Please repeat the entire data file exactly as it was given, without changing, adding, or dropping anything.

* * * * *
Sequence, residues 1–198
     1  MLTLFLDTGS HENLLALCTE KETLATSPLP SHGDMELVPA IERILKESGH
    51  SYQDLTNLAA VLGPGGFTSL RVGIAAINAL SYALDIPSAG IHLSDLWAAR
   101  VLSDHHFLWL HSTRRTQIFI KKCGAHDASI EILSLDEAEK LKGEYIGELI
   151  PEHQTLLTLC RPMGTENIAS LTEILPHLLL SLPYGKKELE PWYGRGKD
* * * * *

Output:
Sequence, residues 1–198
     1  MLTLFLDTGS HENLLALCTE KETLATSPLP SHGDMELVPA IERILKESGH
    51  SYQDLTNLAA VLGPGGFTSL RVGIAAINAL SYALDIPSAG IHLSDLWAAR
   101  VLSDHHFLWL HSTRRTQIFI KKCGAHDASI EILSLDEAEK LKGEYIGELI
   151  PEHQTLLTLC RPMGTENIAS LTEILPHLLL SLPYGKKELE PWYGRGKD